Thursday, September 6, 2012

A sky, a stitch, and a wrestling match

        My Texas friends always tell me how much they miss the sky when they move east.  "There’s not a lot of sky here," a good friend commented upon moving to upstate SC. The statement didn't make much sense, until I spent last week driving through East Texas, through little towns like Tyler, Brownsboro, and Hubbard to Bartlett, TX and I realized they were right.  There's a lot more sky in Texas. It's wide, wide open land with short shrubby trees and a lot of fenced in dust.  As another friend said,  “In Texas, we like to fence in our nothing.”  
        As much as I love my home on the coast and my hometown in the mountains, I did love looking at that Texas sky. My eyes continued to be drawn upward.  The limitless blue made the horizon stretch just a bit wider, opening up a bit more room to think, more room to be.  You could straighten your shoulders, stretch your arms for miles and never touch a thing.  It was infinite space that made me realize how limited my view had become.  That immeasurable holy sky drove home the true smallness of all my little worries and frets. 
        A limitless sky is good for the soul.  It's time to stretch.


      God and I continued our conversation as we sat crocheting. (Click here for beginning of conversation in November 8, 2011 blog post)  I sighed loudly, dropping the
written pattern and ripping out another row of my work. “Ugh, this
pattern sucks!”
        “So why keep following it?” God asked.
        “Because . . . it’s a pattern,” I stammered. “How would I know what
to do without it?!”
        God smiled. “You have what you need, Beloved. I’ve made sure of that.”
        I sighed again. “Meaning what, exactly?” It’s hard to get a straight
answer out of God during these chats.
        “You know how to crochet. You do a stitch. Then you decide what you
want the next stitch to be and do that one. And when you think it’s
time to start a new row, you finish off and turn.”
        “But what if it takes me fifty rows to realize I’ve made a mistake?” I asked.
        “Then you rip out forty-nine and do it differently.”
        “And lose everything?!” There was panic in the shrill crescendo of my question.
        Calmly, God replied, “Not everything. You learn from your mistakes
and build on your successes. I made you good at that.”
        “Thanks,” I smirked. “Why couldn’t you have just made me so I do
things right the first time?” By now I have learned not to expect
answers to such questions. God began a new row, and I stared with envy
at the perfect stitches.
        “Perfection isn’t the point, Beloved.” I jumped, caught off guard by
God’s spoken response to my silent thoughts. God laughed, then handed
me the yarn and hook. “Here, you finish it.” With trembling hands, I
looped the yarn over the hook and began to put it through the next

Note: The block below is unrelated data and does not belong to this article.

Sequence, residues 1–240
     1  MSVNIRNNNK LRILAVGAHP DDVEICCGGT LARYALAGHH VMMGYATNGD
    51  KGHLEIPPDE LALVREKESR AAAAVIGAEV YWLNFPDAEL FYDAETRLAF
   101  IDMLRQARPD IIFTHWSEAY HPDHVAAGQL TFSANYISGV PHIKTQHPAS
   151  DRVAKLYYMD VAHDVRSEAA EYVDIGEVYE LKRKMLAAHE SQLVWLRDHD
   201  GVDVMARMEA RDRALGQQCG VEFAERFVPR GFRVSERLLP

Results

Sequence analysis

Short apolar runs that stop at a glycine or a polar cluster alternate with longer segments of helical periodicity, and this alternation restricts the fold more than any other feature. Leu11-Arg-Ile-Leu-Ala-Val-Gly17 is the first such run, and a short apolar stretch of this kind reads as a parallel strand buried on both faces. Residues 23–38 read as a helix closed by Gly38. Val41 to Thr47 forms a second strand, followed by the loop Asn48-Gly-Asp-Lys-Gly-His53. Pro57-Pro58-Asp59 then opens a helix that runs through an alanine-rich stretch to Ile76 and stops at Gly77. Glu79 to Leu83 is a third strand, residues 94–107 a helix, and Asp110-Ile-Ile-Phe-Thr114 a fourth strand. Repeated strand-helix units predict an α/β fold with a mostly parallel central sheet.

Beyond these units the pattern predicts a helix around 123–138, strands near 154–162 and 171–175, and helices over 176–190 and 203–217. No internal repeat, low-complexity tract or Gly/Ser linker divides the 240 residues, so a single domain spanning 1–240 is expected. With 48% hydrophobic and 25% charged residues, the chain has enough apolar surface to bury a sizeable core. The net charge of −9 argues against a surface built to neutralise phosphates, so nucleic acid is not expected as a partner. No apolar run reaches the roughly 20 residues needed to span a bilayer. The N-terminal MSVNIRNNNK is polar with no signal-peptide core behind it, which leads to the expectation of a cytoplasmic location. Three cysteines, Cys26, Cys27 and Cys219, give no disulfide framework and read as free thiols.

“But what is it?” I asked. God said nothing. I finished a single
crochet and paused.
        “Good,” God nodded.  “Now, what do you want the next stitch to be?” I
sat staring at the yarn in my hands, terrified of ruining the
beautiful work God had begun. I couldn’t even tell what I was supposed
to make of it. A blanket? A scarf? A sweater? A doll? Maybe it was
something that hadn’t even occurred to me yet. Helplessly, I looked
up, and God winked. “Just the next stitch.”
        “And then?”
        God reached over and squeezed my hand. “Then one more.” I took a deep
breath, and looped the yarn over the hook.


Wrestling Match
     At a recent Beth Moore event at the North Charleston Coliseum, I was pleased to see that 9,000 people attended from 25 different states. As we all raised our voices in a chorus of “How Great is thy Faithfulness,” I let the blessings of the song, of all the different voices of faith, roll around me.
     I’ve never done a Moore event or Bible study when I haven’t been richly blessed. Early on Moore asked, “How many times are we striving for something that God has already given us?” We studied the story of Jacob and Esau’s reunion, including how Jacob wrestled with the angel. The angel could have ended the fight at any time, as he did in the end by touching Jacob’s hip socket, but instead they wrestled. Her point:  Have you let go too soon?
     She talked about those among us who have had a season of our life that seemed to go on too long with no blessing. Her suggestion: Hold on for the blessing with the passion of Jacob. Turn back around and say, ‘Lord, I will not let go until the blessing comes.’       Sometimes you’re never closer to Jesus than when you’re wrestling it out.
      I’m not sure why so many of us have seasons that seem too long, but I think she’s right. We have to want the blessing, the good work that God promises he's doing in us, enough to wrestle it out.


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